Lime Ridge Fools
~ Glacier Peak from Lime Ridge ~
Glacier Peak Twilight - Da Kobed © Ken James McLeod
Lime Ridge Fools: Like the fools we were in those days when undertaking a wilderness trek into the mountains in search of adventure, we thought little of planning too much ahead. Often, we just grabbed our day gear which usually contained fishing rods, a map, and said to one another, "lets go!" And the trek up Box Mountain onto Lime Ridge was no exception, beginning in a hurry and in the wee hours of dawn. Off we went, my friend Martin Jensen and I in his Toyota pickup truck with grand weather in sight . . . The way was steep up Box, most of it "tooth and root" so to speak or as I like to say, "steeper than the back side of Gods head!" Upward, we pulled and pushed ourselves hand over fist, for it was not a trail of sorts one could walk, it was a climb! We were in good shape having hiked about the country during the early summer, so in a few short hours we topped out at Box Mountain Lake, then paused and while we had a snack. Here, the zest for further adventure took over and we wandered along the ridge to Rivord Lakes, where upon on arrival we dove into the first lake to cool off from the now 80 degree heat.
"Onward," Martin said.Soon, we found ourselves at the Twin Lakes where another swim was had in the 62 degree emerald-green water. It couldn't get any better than here at the Twin's, basking in the sun and swimming, but we had to go onto the Milk Lakes. You know, "the lure of what lies around the corner in the mountains is just too great to ignore." So, without much hesitation, we were off to the Milk's. Again, the heat of the day was too much and when we arrived at the lakes, we just dove in. "What bliss, swimming in mountain lakes, and yes nude!" From Milk Lakes, we traversed up the ridge a mile or so where there was a beautiful little pothole lake or tarn. It sat in a rather picturesque setting overlooking Milk Creek, the Suiattle River Valley, Sulphur Mountain, and well in view of the mighty Glacier Peak. Scrambling here and there for photos, we crested the ridge and dipped down to the last lake on Lime. But Lo, the damn bitting bugs simply chased our ass out and back up to the crest to the lovely little tarn. Now, time was waning and we were still at about 6,000 feet, even the alpenglow began to paint Glacier Peak a vivid pink. "Martin, we need to get the Hell out of here, daylight will soon be waning," I said. So we circumvented the ridge above, where the sight of Glacier Peak stood boldly in our face. Mica Lake on the shoulders of Glacier would have to wait for another day. It was now after 6:00 PM, so down the forested rib we rushed into the untracked forest, only to get caught in darkness at around 5,000 feet elevation. Onward we struggled, foot by foot, hand hold by hand hold, engulfed in the dark abyss . . . every 1,000 feet took hours. Like idiots, we had no flashlight, what fools we were, say I! I pretty much led and Martin was content to follow, me being the freakin' mountain goat as it were with the Swiss-welt 5 lb. boots I wore. And being the wild-young fearless fools that we were, rather than spending the night on a bench, we proceeded onward thrashing about. Then, Martin fell down a slippery chute about 30 feet, and as I watched his faint figure roll out of sight, I thought he was a goner! Luckily he wasn't too hurt, only brused and battered a bit, but nothing broken. We continued on the last 1,000 feet and then finally the steep terrain leveled out. Alas though, our good fortune again turned to nightmare, now we were in a jungle of nettles that ate us alive, not to mention the slide alder and vine maple brush we had to bust through. "Shit," here we were in the middle of some God awful fricken jungle waring only shorts with no long pants to protect our legs from being ravaged. I kept thinking, "this is just like the Army escape/evasion crap I'd been through in the Missouri swamps training during the Vietnam War era a few years earlier." At any rate, we crashed and thrashed through the jungle of nettles, slide alder and vine maple using only the stars as our guide and our nose for radar, until we stumbled upon the Milk Creek Trail. And just as we did, the moon came out overhead and helped guide our way back to where we had started the trek. Four miles later, and what seemed eternity, we finally reached Martin's truck. Martin had done well after the fall but was somewhat woozy, so I drove. It was now 2:00 AM. We had come down 4,000 feet in total darkness, did 4 miles of trail, not to mention the entire trek up and across the ridge during the day . . . now, we were at the end of our rope! Later, in the town of Arlington, we stopped for hot cocoa and a tidbit from the 7-11 store. A local cop there took one look at us and began to question us, perhaps thinking we looked like escapees or something, because of how ragged and torn up we appeared. He also insulted us by the way we had parked and made us go back out and park properly in the lot. Nevertheless, we did what was asked, but Martin and I both got gruff with him, stating we were in no mood to talk, having been through such a mountain ordeal, and we just wanted something hot to drink. Promptly, we paid for our tidbit and Martin took over the wheel now feeling much better to do so. Seattle, where we lived, came at about 4:00 AM!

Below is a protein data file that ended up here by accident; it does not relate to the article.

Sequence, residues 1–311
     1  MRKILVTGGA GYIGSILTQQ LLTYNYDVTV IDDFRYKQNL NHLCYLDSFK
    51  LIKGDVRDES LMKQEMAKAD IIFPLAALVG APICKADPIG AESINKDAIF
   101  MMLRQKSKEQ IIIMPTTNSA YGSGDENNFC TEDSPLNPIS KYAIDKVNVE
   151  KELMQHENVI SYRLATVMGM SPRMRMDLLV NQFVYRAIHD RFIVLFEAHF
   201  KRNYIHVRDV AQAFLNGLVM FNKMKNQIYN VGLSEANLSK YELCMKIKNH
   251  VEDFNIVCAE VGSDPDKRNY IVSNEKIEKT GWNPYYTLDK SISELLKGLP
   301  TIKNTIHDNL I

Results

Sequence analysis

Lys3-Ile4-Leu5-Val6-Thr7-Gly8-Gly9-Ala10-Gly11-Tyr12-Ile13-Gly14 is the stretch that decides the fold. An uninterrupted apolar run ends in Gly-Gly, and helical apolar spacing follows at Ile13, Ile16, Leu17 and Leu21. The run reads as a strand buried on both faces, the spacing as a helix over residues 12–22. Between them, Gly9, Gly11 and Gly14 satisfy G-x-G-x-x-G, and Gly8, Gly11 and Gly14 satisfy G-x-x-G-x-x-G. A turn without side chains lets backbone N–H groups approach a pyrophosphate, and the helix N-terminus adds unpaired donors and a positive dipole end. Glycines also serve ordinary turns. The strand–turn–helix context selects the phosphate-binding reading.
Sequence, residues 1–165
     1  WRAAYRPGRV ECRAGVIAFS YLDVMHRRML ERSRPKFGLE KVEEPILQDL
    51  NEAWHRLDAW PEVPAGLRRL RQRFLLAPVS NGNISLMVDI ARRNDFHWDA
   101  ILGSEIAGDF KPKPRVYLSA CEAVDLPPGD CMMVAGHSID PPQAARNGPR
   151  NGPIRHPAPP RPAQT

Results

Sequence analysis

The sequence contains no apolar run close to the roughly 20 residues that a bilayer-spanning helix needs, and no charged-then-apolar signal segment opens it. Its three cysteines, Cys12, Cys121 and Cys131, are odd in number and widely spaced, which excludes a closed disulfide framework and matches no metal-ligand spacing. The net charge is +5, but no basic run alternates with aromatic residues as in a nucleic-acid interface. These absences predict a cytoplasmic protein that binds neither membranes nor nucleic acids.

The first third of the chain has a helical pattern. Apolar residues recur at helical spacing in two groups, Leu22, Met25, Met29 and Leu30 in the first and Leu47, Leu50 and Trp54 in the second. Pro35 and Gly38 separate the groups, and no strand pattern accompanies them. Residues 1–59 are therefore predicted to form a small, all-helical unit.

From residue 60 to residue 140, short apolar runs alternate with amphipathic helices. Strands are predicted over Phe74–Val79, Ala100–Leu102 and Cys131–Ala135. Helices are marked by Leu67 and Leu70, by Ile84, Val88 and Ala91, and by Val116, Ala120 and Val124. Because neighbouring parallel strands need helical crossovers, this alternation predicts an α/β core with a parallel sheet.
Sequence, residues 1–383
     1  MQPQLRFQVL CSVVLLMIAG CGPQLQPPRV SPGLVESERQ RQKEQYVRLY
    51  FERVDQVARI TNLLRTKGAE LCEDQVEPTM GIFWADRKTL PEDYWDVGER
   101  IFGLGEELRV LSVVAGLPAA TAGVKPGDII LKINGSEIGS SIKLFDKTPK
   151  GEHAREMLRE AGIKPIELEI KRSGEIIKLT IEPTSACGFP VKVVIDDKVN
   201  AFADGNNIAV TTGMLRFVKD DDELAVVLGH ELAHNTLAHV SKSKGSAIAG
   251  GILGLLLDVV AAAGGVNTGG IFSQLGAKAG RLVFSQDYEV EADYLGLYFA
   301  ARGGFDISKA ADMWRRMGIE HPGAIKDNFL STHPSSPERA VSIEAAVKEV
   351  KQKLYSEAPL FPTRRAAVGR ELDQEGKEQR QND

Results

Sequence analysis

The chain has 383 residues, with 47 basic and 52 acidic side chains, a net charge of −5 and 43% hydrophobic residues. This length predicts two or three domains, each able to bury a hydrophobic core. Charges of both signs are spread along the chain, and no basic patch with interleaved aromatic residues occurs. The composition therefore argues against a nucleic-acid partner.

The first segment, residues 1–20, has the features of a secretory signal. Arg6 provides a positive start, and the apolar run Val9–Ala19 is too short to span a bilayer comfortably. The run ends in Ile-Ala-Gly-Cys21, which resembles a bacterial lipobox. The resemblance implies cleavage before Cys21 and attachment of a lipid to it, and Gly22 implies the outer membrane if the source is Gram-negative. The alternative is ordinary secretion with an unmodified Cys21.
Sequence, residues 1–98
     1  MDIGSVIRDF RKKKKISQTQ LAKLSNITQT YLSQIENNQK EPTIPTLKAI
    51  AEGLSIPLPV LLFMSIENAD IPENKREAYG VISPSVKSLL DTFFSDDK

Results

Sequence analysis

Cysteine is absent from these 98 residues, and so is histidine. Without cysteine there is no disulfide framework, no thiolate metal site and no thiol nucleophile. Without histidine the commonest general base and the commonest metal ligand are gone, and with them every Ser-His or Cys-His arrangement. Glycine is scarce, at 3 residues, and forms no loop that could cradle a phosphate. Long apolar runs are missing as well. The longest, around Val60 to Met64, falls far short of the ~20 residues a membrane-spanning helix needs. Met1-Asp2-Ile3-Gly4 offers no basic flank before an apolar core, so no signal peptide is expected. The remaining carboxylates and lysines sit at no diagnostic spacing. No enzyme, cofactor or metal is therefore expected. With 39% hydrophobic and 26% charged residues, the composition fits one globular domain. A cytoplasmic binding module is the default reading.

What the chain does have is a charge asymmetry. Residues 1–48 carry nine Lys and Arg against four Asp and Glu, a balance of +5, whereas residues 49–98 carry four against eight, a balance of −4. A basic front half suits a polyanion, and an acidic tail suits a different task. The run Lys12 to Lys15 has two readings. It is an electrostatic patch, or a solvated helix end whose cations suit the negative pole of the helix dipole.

What an experience! "Did we learn anything?" Well, "Hell Yes!"
1. Don't go into the mountains without having a flashlight.
2. Stay put in the dark rather than risk your life.
3. And don't be such Goddamned Fools!
Aug. 13, 1981
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